Africa: General Assembly Creates New Permanent Forum of People of African Descent


Capping years of deliberations, the UN General Assembly on Monday established a new platform to improve the lives of Afro-descendants, who have for centuries suffered the ills of racism, racial discrimination and the legacy of enslavement around the globe.

The 193-member body unanimously adopted a resolution establishing the United Nations Permanent Forum of People of African Descent, a 10-member advisory body that will work closely with the Geneva-based Human Rights Council.

The new Forum will serve as a consultation mechanism for people of African descent and other stakeholders, and contribute to the elaboration of a UN declaration – a “first step towards a legally binding instrument” on the promotion and full respect of the rights of people of African descent.

‘Compounding inequalities’

Negotiations on the modalities of the Permanent Forum have been under way since November 2014, when the General Assembly officially launched the International Decade for People of African Descent (2015-2024).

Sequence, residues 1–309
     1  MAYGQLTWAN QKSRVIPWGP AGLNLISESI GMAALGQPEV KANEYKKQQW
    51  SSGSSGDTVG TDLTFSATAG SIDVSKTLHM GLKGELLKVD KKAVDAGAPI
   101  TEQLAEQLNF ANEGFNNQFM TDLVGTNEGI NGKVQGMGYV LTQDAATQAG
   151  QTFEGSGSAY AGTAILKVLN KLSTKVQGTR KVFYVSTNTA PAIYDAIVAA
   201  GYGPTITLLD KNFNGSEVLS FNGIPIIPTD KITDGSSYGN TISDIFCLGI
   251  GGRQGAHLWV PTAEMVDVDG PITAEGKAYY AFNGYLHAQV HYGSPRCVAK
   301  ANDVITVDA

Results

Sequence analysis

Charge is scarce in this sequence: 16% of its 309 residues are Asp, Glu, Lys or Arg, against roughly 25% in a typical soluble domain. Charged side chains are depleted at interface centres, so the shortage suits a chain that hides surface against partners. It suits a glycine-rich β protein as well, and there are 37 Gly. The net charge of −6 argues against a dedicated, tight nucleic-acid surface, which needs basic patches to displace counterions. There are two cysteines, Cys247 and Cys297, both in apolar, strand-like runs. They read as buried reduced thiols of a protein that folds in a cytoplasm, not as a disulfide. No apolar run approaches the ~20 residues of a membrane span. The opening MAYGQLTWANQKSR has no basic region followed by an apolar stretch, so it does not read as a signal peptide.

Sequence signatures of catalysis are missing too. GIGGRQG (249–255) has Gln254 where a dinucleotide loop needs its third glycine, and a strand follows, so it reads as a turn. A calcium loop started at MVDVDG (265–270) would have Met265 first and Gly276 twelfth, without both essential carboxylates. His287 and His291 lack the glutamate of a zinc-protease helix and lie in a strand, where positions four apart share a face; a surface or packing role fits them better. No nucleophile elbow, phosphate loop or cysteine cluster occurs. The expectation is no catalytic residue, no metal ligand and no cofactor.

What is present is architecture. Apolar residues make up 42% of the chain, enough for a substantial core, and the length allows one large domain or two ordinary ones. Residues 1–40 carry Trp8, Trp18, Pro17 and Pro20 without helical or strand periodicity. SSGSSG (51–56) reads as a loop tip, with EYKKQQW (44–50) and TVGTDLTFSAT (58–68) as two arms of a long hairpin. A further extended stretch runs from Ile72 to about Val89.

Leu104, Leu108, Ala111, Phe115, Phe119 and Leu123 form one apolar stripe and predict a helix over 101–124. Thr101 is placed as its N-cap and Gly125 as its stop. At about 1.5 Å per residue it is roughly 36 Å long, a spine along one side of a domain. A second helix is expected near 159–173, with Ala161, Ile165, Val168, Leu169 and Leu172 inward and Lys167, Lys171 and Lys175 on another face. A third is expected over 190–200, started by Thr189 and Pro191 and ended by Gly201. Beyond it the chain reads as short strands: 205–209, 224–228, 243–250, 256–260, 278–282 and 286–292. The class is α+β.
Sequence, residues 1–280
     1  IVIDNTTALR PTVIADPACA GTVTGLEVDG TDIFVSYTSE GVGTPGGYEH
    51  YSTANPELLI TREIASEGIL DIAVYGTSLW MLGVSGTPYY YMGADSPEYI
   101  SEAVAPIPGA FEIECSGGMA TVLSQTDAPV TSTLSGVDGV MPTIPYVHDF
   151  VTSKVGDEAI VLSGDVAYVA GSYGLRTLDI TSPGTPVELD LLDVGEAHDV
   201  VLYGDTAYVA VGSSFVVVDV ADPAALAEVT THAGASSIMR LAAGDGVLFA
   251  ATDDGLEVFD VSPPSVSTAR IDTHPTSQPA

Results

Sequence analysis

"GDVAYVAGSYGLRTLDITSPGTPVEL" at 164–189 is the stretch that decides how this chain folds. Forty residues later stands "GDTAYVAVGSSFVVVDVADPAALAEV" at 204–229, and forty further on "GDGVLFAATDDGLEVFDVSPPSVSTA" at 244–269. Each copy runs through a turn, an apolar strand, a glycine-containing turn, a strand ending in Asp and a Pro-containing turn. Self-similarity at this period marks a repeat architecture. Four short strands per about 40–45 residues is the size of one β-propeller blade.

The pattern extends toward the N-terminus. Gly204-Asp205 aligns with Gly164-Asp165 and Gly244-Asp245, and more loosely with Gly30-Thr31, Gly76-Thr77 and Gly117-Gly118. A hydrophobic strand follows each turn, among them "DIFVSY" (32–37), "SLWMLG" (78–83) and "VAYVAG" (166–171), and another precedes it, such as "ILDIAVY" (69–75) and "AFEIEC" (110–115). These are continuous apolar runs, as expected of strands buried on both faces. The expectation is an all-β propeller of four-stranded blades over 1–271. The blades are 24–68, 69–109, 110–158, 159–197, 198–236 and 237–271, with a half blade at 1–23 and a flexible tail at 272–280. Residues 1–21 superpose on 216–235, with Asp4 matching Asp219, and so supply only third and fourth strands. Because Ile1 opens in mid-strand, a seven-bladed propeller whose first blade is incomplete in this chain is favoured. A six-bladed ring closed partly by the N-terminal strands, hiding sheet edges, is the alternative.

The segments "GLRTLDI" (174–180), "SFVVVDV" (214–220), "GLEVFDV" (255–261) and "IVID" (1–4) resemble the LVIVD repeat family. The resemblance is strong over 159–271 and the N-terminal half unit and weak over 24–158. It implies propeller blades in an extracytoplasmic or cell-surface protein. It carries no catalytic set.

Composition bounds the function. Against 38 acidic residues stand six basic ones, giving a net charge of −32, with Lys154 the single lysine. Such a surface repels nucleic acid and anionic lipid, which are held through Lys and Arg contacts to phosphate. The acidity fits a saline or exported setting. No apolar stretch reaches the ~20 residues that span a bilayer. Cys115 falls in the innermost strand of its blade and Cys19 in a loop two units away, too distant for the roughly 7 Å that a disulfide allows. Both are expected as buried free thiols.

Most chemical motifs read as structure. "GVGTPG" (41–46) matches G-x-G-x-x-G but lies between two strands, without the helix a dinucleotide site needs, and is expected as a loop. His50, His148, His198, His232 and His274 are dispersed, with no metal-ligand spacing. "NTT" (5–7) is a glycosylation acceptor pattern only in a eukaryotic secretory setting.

Through the resolution adopted on Monday – which articulates the new body’s mandate for the first time – the Assembly expressed alarm at the spread of racist extremist movements around the globe, and deplored the “ongoing and resurgent scourges” of racism, racial discrimination, xenophobia and related intolerance.

The move comes just days after the Human Rights Council established a panel of experts to investigate systemic racism in policing against people of African descent, and on the heels of a report by the Office of the UN High Commissioner for Human Rights (OHCHR), prompted by the police killing of George Floyd in 2020.

In that report and various public statements, High Commissioner Michelle Bachelet has pointed to the “compounding inequalities” and “stark socioeconomic and political marginalization” faced by Africans and people of African descent in many countries.